First, the volunteer will learn about the study’s goals and requirements, have an opportunity to ask questions, and read and sign the informed consent form if interested in participating. Second, the screening process is used to determine if you are eligible to be in the study. The study team (coordinators, nurses, doctors) will ask you questions about your medical history, perform a brief physical exam and obtain samples for blood and/or urine testing. The blood and urine testing will help ensure that you are healthy and qualify for the study. In most studies, it is standard for volunteers to be checked for the viruses that cause hepatitis B and C, and HIV.

If I am eligible after attending the screening appointment and would like to participate, what happens next?
After the end of the screening visit, the study team will contact the volunteer to review the laboratory data. If the volunteer qualifies and is chosen to participate, they will be scheduled for the dosing day.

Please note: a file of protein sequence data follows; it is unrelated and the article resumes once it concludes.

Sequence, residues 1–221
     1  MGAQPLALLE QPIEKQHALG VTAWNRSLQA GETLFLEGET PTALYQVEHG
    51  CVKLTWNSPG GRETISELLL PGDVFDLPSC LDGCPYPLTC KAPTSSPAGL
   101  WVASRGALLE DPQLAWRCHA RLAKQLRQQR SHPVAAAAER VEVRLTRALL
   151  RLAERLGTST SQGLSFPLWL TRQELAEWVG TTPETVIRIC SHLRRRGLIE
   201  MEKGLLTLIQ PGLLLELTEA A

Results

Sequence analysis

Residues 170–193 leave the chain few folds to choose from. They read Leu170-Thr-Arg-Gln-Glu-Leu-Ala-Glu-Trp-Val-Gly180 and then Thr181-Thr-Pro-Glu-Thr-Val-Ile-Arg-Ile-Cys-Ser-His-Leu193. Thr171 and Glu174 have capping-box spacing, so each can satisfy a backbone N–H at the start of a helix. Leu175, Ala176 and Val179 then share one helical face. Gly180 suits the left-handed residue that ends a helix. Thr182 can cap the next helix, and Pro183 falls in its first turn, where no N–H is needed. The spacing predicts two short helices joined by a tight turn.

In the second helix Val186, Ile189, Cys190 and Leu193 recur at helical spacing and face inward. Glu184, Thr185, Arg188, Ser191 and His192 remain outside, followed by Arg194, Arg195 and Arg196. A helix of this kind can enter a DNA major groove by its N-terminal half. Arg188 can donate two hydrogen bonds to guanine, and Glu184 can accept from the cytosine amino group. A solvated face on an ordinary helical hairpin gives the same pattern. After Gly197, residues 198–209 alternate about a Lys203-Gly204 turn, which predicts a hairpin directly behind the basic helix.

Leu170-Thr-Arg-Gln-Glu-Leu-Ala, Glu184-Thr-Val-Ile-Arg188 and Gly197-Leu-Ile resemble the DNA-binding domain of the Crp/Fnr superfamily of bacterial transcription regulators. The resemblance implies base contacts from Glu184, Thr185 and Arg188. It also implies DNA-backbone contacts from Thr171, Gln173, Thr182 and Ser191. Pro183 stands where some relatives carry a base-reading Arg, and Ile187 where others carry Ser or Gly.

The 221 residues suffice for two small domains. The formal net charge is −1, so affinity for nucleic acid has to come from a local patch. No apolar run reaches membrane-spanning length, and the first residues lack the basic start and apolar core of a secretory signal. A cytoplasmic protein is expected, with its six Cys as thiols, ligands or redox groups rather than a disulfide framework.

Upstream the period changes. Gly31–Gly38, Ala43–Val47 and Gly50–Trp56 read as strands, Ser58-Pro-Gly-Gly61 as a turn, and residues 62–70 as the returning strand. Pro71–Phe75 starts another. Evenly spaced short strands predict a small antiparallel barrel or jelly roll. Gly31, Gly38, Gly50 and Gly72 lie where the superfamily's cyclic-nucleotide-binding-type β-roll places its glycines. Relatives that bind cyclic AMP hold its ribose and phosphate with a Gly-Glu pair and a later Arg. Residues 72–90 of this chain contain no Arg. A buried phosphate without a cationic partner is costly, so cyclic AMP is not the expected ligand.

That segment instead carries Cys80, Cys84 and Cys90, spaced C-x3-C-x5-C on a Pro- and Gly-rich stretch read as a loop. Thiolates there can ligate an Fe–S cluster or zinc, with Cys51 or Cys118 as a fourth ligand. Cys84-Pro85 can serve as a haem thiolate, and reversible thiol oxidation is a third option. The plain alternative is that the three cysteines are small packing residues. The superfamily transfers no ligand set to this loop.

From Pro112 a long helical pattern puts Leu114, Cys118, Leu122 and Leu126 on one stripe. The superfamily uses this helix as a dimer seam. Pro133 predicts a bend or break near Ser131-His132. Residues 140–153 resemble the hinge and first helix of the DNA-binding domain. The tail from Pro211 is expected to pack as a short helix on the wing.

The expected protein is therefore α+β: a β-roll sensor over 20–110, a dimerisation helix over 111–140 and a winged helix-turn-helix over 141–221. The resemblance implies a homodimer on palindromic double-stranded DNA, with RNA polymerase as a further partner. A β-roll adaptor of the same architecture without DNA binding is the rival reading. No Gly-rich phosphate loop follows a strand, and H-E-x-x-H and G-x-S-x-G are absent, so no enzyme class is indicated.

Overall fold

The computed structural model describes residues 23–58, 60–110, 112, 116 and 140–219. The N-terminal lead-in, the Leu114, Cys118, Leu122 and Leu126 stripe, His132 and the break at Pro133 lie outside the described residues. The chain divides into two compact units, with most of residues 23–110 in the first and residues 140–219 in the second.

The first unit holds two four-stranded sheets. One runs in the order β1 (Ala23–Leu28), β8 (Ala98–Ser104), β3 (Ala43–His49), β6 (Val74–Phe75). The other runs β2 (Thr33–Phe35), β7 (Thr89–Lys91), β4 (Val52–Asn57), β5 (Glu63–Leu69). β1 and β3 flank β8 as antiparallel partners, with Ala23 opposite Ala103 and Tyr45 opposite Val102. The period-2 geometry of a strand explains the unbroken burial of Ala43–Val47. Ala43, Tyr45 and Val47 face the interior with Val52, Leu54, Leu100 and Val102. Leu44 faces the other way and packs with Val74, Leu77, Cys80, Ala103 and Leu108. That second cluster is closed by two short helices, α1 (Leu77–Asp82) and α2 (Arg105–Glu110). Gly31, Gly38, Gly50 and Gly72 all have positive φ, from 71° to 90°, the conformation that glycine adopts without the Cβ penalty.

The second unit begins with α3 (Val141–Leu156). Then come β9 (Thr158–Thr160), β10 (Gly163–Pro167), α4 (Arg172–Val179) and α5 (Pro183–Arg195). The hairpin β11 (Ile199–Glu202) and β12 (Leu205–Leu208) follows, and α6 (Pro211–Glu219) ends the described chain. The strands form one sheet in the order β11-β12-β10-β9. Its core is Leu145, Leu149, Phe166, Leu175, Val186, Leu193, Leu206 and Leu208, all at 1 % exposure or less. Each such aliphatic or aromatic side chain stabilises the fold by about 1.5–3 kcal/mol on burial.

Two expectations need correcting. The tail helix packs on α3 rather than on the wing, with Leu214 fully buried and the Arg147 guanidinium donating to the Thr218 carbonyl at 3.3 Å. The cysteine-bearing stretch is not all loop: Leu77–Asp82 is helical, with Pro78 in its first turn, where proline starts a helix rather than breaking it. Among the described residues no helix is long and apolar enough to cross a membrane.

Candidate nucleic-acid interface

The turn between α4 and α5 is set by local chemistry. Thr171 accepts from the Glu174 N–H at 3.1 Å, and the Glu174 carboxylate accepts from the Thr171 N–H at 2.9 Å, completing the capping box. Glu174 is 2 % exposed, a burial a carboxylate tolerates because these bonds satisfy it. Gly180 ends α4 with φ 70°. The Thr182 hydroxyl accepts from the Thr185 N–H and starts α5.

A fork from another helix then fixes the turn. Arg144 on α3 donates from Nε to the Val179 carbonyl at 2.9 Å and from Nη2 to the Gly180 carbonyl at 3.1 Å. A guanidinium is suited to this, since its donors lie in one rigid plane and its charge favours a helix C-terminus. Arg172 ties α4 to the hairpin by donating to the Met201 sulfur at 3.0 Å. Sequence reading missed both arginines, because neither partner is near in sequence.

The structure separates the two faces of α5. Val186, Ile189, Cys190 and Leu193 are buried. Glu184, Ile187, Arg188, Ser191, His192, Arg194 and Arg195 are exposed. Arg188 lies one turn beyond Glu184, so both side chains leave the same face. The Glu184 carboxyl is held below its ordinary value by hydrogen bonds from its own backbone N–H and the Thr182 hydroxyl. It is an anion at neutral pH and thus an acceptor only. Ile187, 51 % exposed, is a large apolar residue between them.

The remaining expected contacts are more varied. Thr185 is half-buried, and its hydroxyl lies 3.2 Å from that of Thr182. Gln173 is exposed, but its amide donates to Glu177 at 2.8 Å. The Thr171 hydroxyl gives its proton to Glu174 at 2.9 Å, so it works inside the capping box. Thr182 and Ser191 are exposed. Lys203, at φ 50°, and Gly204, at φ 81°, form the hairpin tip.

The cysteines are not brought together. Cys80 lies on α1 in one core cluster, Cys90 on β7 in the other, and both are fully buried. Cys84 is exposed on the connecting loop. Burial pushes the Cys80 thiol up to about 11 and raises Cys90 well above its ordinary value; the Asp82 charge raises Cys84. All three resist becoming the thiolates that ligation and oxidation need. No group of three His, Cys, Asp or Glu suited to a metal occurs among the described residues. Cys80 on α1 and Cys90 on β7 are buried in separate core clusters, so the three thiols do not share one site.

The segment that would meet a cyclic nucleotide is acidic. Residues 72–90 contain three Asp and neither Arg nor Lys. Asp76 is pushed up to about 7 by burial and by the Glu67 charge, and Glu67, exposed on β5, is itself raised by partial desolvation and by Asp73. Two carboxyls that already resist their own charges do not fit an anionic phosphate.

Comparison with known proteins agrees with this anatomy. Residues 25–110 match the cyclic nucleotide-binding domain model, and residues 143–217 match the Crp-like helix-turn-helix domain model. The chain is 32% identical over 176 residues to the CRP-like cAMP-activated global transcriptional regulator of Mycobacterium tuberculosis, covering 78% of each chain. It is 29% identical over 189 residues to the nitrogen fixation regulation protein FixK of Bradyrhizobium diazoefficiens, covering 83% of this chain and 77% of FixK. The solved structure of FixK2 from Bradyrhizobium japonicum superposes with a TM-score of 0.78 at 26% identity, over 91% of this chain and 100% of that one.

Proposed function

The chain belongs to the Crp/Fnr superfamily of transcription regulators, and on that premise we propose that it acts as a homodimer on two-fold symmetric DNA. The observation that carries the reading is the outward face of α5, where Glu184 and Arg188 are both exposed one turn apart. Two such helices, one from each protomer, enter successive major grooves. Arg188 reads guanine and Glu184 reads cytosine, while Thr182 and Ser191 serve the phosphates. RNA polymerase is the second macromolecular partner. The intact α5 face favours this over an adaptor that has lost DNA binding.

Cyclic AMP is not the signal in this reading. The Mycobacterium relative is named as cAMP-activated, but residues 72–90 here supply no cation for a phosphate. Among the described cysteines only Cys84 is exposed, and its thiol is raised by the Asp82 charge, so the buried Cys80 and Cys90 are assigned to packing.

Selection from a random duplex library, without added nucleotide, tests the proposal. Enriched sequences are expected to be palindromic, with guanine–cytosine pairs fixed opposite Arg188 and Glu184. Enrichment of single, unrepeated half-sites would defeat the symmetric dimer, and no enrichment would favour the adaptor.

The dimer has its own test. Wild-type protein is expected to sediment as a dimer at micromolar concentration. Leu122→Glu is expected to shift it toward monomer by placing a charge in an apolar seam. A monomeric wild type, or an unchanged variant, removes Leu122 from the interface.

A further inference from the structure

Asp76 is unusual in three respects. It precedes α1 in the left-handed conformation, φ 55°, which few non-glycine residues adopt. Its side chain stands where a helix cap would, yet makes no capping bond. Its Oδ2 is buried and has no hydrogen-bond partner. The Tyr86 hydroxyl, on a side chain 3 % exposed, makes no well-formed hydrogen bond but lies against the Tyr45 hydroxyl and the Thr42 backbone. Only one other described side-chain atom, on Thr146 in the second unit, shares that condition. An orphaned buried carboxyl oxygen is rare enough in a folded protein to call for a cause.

What can I expect at dosing day?
Dosing day includes review of the study and a subject’s eligibility followed by a brief physical exam and blood draw and/or urine testing.  Following these pre-dosing procedures, you will receive either the vaccine or a placebo either as an injection in your upper arm or as an oral vaccine, depending on the type of vaccine being studied. You are required to stay for 30 minutes for observation and education post vaccination. The dosing day visit typically lasts about two hours.

What happens after dosing day?
After the dosing day, subjects will be expected to return to the research clinic for follow up visits.  The number of visits and duration of each visit varies depending the study.  Most visits last 30 minutes.  Some studies also require subjects to complete a diary of any symptoms they have after vaccination and/or record their temperature. 

Man getting blood pressure taken

News of Note

Dengvaxia, the Sanofi-Pasteur dengue vaccine currently in use in a number of dengue endemic countries, recently underwent relabeling This is not the same vaccine as the one being tested at UVM. Learn more about the vaccines here.

Have questions? We're here to help.


Email our recruiter